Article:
Most of us have experienced a time when a member of our paddling crew says, “there’s ____ (x amount) of scouts on this section”, or, “I’m going to scout the next rapid.” I want to be clear, I have no problem with scouting, I absolutely encourage it. My issue is that most of us perceive scouting to mean one thing, getting out of our kayaks, walking on shore, and ‘land scouting’. I’d argue that for most of us this is what we picture when we use the term ‘scouting’. It can, and should bring to mind, much more.
To best unpack my issue of this singular mindset, it’s worth defining scouting in its most basic form. I believe that scouting at its foundation is the gathering of information in order to make an informed decision. If we can agree (at least for the sake of discussion) on that definition then we should be open to the idea that there are numerous types/methods of scouting (these may be novel ideas for some and revisiting frequent practices for others). Some of these methods of scouting include:
Scouting Remotely: Using guidebooks, local knowledge, online resources, etc. to gather information about a river section or specific rapid(s). By using the information that’s accessible to us we’re able to make thoughtful decisions regarding whether or not we should pursue paddling a particular section of river. This could include: level of difficulty, recommended water levels, old/new hazards, access points, etc.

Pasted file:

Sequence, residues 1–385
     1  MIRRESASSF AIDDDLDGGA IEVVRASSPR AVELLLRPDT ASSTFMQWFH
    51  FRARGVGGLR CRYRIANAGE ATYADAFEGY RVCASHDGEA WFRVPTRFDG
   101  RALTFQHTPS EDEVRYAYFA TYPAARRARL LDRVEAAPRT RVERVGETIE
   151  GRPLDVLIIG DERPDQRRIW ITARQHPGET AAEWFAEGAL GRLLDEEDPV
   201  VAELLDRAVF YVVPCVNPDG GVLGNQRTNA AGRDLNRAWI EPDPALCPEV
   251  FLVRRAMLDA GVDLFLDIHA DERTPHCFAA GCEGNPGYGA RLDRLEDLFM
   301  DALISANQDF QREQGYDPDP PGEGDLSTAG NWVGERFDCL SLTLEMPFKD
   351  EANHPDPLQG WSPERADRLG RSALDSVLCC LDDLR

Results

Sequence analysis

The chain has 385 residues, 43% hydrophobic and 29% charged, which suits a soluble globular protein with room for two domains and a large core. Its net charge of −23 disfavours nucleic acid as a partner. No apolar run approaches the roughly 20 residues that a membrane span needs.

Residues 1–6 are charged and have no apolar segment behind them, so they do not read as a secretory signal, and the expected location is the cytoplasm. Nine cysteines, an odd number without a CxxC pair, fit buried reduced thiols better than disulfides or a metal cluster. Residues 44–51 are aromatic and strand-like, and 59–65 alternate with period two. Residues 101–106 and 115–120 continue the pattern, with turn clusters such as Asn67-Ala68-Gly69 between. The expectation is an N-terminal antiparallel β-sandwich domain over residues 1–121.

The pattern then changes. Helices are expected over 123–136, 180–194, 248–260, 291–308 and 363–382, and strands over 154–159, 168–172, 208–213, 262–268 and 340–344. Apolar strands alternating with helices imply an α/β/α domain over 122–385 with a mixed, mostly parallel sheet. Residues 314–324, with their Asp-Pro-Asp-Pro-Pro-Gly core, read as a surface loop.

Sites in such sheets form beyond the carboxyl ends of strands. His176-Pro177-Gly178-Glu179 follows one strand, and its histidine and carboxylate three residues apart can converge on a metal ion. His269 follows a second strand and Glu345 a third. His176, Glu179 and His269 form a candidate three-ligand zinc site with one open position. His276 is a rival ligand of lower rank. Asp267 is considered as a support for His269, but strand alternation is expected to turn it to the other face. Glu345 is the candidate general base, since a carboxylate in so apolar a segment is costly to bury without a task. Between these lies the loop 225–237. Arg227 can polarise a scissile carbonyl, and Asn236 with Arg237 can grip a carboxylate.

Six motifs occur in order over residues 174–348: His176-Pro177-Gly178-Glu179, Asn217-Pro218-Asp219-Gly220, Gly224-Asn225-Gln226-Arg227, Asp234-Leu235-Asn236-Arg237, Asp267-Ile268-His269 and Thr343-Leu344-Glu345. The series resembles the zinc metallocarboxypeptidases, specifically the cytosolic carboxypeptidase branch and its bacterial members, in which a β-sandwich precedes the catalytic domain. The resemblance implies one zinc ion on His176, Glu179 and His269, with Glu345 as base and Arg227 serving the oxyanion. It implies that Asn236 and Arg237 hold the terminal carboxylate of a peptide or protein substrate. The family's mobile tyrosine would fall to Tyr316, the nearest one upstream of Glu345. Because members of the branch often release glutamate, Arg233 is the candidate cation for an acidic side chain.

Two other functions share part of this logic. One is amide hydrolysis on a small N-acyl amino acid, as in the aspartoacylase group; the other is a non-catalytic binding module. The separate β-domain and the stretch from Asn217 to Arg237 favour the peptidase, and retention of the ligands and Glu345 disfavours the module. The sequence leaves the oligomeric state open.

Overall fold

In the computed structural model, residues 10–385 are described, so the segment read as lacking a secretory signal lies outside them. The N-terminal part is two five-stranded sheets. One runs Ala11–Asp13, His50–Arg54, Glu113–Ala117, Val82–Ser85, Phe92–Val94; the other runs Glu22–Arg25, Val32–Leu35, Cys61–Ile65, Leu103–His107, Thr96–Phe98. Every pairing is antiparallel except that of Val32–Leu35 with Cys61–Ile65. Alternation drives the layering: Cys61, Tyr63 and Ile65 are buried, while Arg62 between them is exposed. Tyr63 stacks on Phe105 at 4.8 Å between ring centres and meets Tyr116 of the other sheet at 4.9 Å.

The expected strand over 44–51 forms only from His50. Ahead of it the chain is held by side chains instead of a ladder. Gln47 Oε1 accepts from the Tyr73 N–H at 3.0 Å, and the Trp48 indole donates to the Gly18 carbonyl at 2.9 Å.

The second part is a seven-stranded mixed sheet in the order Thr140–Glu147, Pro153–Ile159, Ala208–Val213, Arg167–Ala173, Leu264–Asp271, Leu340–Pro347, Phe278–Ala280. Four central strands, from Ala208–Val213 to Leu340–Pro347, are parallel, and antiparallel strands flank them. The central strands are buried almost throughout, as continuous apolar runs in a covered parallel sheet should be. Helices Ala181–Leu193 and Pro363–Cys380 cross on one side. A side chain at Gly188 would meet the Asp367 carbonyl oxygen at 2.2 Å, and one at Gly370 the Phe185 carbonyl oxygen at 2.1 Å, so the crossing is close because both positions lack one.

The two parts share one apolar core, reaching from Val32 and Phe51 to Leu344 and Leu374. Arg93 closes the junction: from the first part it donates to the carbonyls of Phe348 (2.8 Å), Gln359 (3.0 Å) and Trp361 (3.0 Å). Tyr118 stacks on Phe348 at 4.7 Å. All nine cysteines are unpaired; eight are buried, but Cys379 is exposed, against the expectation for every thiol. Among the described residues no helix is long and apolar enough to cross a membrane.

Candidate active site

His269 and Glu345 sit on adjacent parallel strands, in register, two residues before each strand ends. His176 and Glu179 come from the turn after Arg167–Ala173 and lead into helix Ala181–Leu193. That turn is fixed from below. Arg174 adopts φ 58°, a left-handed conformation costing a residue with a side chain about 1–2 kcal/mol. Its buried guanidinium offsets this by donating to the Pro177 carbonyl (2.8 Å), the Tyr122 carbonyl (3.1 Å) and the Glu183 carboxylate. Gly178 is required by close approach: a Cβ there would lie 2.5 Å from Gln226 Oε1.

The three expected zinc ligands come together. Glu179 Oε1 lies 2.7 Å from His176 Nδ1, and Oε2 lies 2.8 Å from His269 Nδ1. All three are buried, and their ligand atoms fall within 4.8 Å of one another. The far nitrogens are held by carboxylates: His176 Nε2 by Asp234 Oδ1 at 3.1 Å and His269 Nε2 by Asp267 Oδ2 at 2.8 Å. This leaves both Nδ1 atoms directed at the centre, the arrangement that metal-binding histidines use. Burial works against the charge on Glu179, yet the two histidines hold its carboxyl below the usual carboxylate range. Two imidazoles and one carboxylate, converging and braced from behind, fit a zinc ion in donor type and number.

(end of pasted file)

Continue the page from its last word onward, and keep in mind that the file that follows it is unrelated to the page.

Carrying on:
In order to make thoughtful and informed decisions we need to be able to effectively see the features that we may encounter. If we’re unable to process everything in front of us due to our speed or the quantity, size, or complexity of the features we need to slow the decision making process down by employing one of these scouting strategies. To recap, we need to select an alternative method of scouting that matches the environment if we can’t see what we need to, a rapid or line looks overly complex, or we’re simply moving too fast.
Scouting allows us to be more deliberate and mindful in our paddling. By using thoughtful scouting practices to clearly identify and select a ‘line’ before proceeding through a rapid we are able to more objectively assess our performance. The objective is sharing these thoughts is to encourage paddlers to broaden our perceptions of ‘scouting’, and to do it constantly.